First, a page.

10 May 2024
Mix Interiors: How Basha-Franklin colour-coded Myo’s latest workplace

Clare Dowdy, Journalist at Mix Interiors, interviews Basha-Franklin's Rachel Basha, Founder and Principal Director, and Nicola Osborn, Creative Director, on Myo St Paul's.

The latest offering from flexible office provider Myo brings the principles of hospitality and retail into the workplace.

Words: Clare Dowdy
Photography: Taran Wilkhu

Basha-Franklin has completed its first ‘flexible office space’, the latest outpost of Landsec’s branded offering, Myo. Like all such well-designed workspaces these days, this one has set out to tick the boxes of adaptability and flexibility; attracting people back to the office; connectivity and movement; health and wellness; and sustainability.

The entrance to Myo is on level two – a welcoming dash of warm colour and interesting materials on what is otherwise a bland, monochrome floor. Principal director Rachel Basha-Franklin and creative director Nicola Osborn have opened up Myo’s ‘shop front’, putting in floor-to-ceiling glass walls and a glazed sliding door reminiscent of a high street boutique. Pink tones draw the eye towards the reception desk on the right, the new staircase and the communal space beyond that.

At Basha-Franklin, our mission is to holistically transform buildings and spaces that are better for people and the planet. We are passionate about minimising the environmental impact of our designs and are constantly seeking new and innovative ways to make it happen.

Rachel Basha-Franklin

The stair was a key architectural addition – a way to break up the deep floor plate with an atrium-style opening (complete with a lighting feature that emulates a natural lightwell), and to visually join Myo’s three levels. On all three floors, communal spaces are centralised, while offices are positioned around the periphery to access some genuine natural light.

As well as booths and offices, the first floor has the biggest kitchen area, which can also cater for the adjacent event space – the first such space in any Myo – which can hold 100 people. The second level is laid out to be quieter, with more closed offices, two small meeting rooms and suite of smaller rooms for private calls and concentrated work. Here, the refreshment counter has been divided in two, to avoid people queuing for hot drinks.

There is yet more privacy on the top level, where Basha-Franklin has created office spaces with rows of sit-stand desks. In total, this Myo has capacity for 700 desks.

These three floors are differentiated not just by their functions, but by the psychology behind their colour-coding. So while the first level has earth tones – intended to ignite productivity, passion and excitement, and to be warm and inviting; the next one has green and natural tones, supposed to activate concentration and mental clarity; and the top is blue, to calm, refresh and revive the mind.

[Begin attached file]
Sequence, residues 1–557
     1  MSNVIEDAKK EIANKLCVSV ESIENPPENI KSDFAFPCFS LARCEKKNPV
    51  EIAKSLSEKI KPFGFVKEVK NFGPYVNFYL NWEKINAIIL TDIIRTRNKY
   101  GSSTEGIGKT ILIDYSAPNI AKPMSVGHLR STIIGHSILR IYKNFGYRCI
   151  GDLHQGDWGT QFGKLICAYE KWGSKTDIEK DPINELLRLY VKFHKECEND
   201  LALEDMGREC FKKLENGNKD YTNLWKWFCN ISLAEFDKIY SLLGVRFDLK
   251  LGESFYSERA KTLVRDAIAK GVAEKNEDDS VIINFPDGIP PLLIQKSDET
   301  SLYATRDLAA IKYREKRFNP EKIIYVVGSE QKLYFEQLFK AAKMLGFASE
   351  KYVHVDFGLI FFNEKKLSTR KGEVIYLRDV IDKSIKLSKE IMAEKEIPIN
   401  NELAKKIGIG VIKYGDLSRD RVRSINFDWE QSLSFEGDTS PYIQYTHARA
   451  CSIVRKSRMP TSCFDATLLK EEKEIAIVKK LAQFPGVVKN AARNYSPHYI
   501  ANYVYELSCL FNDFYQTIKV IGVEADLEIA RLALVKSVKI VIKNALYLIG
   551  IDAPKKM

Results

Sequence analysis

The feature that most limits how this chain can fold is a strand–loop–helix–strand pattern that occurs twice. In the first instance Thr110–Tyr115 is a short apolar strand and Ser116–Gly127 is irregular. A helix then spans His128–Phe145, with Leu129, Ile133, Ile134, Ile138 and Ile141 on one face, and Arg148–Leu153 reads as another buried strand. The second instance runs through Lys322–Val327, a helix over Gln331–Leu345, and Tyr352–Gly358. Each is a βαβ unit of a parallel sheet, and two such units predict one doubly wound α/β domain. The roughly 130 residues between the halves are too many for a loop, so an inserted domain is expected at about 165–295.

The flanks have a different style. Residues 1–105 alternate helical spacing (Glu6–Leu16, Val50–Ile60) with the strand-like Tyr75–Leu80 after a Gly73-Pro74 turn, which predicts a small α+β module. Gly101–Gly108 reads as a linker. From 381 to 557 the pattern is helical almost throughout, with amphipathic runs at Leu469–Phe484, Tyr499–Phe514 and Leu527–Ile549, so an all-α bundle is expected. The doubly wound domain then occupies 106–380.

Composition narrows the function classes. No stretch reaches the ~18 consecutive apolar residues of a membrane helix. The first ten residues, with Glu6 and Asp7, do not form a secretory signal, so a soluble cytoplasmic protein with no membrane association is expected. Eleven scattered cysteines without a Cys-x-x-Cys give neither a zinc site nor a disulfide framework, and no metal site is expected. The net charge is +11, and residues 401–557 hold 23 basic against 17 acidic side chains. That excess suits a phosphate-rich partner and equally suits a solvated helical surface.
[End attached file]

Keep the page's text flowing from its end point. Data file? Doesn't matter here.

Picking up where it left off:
These colours are applied not just to furniture and finishes, but to the hand- crafted wall panels on each floor. Called Spelk!, they’re created from OSB boards by artist Orla Lawn, whom Basha- Franklin found through social media. The firm commissioned Lawn to create bespoke colours for Myo and the Spelks! are intended to be an artistic point of interest, to add to Myo’s textured palette and aid wayfinding.

The thresholds help with differentiating zones, with two types of flooring laid together at an angle so “you flow into spaces in a natural way,” says Basha-Franklin.

Every business and every person is unique, each seeking different things from their working environment, so we created a space that is flexible, wellbeing focused and inclusive. We’ve purposely designed an immersive office space that is loaded with unexpected moments of delight to support the diverse needs of today’s workforce.

Nicola Osborn

These and other elements of the design including acoustics and lighting levels are intended to support the one in seven people in the UK who is neurodivergent, according to the Local Government Association.

Also flowing throughout is the quality of the finishes, more suggestive of a luxe hotel than an office, which explains the low-volume pop music which follows users around. Hence the colour-coded metal trim on some of the acoustic wall panels; the bespoke reception desk, with rotund Lammhaults sofas and armchairs by Moroso standing in front of a Buxkin feature wall of leather made from reconstituted offcuts from the Italian shoe industry; the custom-fabricated booths and tables in the break-out area; the upholstery, ceiling panels and sheer curtaining from Kvadrat; Specialist Marble Group’s terrazzo counter tops; the bar stools by Noom; and Myceen’s Mycelium lights.

When it comes to workplace design, you have to create places that people want to get out of bed for.

Nicola Osborn

Osborn believes that many offices are now raising their game, in terms of the quality of their event spaces. So here there are bespoke Valchromat acoustic wood fibre wall panels, because “they elevate it from feeling institutional to being more hotel-like,” she adds.

But it’s also got to be durable. Hence the Cemento reclaimed stone wall in the meeting room, because people push their chairs back into walls; and hence the angled arms of those chairs, so they don’t get bashed against the table.

The space has been designed based on Basha-Franklin’s experience (such as its reimagined HQ for Related Argent) the client’s brief and the existing evidence around people’s workplace needs and aspirations. But as Osborn points out, very soon wearable tech will be able to read people’s emotional response to a space. When it happens, “we’ll be able to translate that into a tangible investment tool,” she predicts.

Learn more about the design of Myo St Paul's, One New Change.

Read the full feature on Mix Interiors.

PublicationMix Interiors
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